With respect to Mr. Bright's oratory, I agree with all competent judges that it is as nearly as possible perfect. He is the prince of English speakers. I have been told by some authorities who have heard Wendell Phillips speak, that he is equal to Mr. Bright; but, from speeches by the celebrated American which I have read, I should very much doubt it. The heart, the conscience, the intellect, Mr. Bright can touch with equal ease. His speech is the natural expression of a mind at once beautiful and strong. The whole man speaks, and not, as is the case with most other speakers, only a part of him. His words glide like a pleasant brook, without haste and without rest. His rising in the House is always an event. I remember by chance being in the Speaker's Gallery on a Wednesday afternoon when he made his now celebrated speech on the Burials Bill. He had seldom spoken since his severe illness, and was not expected to address the House. The debate had been of the poorest select vestry stamp, without ability and without human interest of any kind, when suddenly a movement of expectation was visible on both sides of the House:—

"And hark! the cry is, 'Astur!' and lo! the ranks divide,
 And the great lord of Luna comes with his stately stride.
 Upon his ample shoulders clangs loud the fourfold shield,
 And in his hand he shakes the brand which none save he can wield."

The effect was magical. Languid and recumbent legislators sat erect, and were all attention in a moment. It was curious to observe how the occupants of the Conservative benches, the majority of whom in the late Parliament looked for all the world like a band of horse-jockeys and prize-fighters, were affected. Mr. Bright talked to them with all the simplicity and confidence of a good paterfamilias addressing his family circle with his back to his own mantel-piece. And such talk! No wonder that they listened with silent respect. The whole House was transformed by it, and began to feel something like a proper sense of its own duty and dignity. Before he had spoken five minutes, the level of the debate had been raised fifty degrees at least; and there was not an honorable, nor, for the matter of that, a dishonorable, member present who did not feel that the Government was morally and logically routed, whatever its numerical triumph might be. Mr. Bright does one thing of which so many members are oblivious: he never in any of his speeches in Parliament forgets that he is in the great council of the nation; and, however violent may be the supposition, he always assumes that his opponents are there to be convinced, if only the matter at issue is put in a proper light. The prevailing tone of his mind is one of hopefulness. He has large faith, and believes in the inevitable progress of humanity and the ultimate invincibility of truth. As he once said, "There is much shower and sunshine between the sowing of the seed and the reaping of the harvest; but the harvest is reaped after all."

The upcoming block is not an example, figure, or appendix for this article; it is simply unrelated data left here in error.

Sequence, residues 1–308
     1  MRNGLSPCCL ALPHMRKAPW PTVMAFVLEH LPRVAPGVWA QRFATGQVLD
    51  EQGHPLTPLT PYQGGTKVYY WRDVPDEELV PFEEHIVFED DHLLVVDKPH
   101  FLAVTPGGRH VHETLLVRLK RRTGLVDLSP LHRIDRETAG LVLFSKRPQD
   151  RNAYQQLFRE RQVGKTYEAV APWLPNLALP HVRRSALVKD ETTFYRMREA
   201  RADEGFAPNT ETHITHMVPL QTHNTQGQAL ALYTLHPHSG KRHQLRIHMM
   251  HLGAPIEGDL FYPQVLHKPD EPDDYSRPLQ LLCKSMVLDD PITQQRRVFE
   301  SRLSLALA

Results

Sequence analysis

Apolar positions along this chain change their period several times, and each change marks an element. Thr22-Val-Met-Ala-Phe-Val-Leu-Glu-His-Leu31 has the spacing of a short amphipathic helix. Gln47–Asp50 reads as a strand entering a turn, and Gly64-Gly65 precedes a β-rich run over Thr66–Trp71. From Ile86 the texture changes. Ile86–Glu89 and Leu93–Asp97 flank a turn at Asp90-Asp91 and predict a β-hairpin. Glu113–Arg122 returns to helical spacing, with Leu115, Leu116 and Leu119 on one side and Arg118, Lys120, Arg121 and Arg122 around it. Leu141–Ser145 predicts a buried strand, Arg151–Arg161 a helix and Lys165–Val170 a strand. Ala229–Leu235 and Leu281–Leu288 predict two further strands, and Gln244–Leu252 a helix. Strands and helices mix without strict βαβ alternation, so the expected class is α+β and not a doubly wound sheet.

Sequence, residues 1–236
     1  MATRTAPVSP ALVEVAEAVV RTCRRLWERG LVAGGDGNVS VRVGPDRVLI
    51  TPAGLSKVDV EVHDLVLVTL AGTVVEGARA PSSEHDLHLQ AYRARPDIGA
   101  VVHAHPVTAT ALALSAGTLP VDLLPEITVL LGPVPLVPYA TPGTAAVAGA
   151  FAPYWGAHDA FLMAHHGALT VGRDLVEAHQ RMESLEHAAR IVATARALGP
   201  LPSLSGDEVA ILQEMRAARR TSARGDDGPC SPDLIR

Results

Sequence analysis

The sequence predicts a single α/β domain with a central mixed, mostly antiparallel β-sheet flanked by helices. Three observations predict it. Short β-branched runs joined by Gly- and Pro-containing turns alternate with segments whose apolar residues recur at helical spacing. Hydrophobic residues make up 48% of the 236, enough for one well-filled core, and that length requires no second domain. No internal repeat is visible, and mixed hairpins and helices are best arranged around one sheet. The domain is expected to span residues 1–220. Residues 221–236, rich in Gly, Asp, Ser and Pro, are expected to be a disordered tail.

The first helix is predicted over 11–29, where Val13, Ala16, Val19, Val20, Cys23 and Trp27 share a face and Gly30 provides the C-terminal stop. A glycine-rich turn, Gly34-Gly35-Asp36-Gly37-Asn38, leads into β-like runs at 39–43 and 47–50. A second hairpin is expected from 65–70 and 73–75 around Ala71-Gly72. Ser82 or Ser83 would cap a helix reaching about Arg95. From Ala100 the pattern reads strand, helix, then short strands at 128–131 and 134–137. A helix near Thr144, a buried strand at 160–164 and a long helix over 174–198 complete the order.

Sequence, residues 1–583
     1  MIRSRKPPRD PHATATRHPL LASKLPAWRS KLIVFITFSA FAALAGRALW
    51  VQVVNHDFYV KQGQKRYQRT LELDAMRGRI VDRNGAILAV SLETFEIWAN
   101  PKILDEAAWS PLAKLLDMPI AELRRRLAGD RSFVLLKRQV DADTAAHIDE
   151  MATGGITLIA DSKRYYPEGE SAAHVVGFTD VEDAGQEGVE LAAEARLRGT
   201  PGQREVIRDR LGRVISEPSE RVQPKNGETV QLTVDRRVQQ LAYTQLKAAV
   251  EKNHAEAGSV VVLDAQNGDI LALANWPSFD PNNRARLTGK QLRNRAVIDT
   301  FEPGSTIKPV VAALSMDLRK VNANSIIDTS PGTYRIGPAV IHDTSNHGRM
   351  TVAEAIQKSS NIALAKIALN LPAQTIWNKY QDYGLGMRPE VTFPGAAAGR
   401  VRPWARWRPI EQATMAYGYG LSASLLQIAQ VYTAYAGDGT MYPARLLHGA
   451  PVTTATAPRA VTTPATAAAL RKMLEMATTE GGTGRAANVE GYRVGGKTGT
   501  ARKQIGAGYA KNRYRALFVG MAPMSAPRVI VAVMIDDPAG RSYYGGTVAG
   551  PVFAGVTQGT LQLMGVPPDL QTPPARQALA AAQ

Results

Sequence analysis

But, though his nature is large and forgiving, in solemn earnestness of rebuke he is unmatched. Once or twice Lord Palmerston, in the very height of his power and popularity, was made to wince like a convict under the sentence of a judge; and, if we except the unique moral insensibility of a Beaconsfield, it would be difficult to conceive of a more arduous undertaking than that of reaching the conscience of Lord Palmerston. In the terrible struggle which threatened to rend the great American Republic to pieces, the innermost soul of the tribune of the people was stirred within him, and he touched the limits of actual prophecy. In the darkest hour of the fortunes of the North he declared, "The Chancellor of the Exchequer (Mr. Gladstone) as a speaker is not surpassed by any man in England, and he is a great statesman. He believes the cause of the North to be hopeless, and that their enterprise cannot succeed. … I have another and a far brighter vision before my gaze. It may be a vision; but I will cherish it. I see one vast confederation stretching from the frozen North in unbroken line to the glowing South, and from the wild billows of the Atlantic westward to the calmer waters of the Pacific main; and I see one people and one language, and one law and one faith, and over all that wide continent the home of freedom and a refuge for the oppressed of every race and of every clime."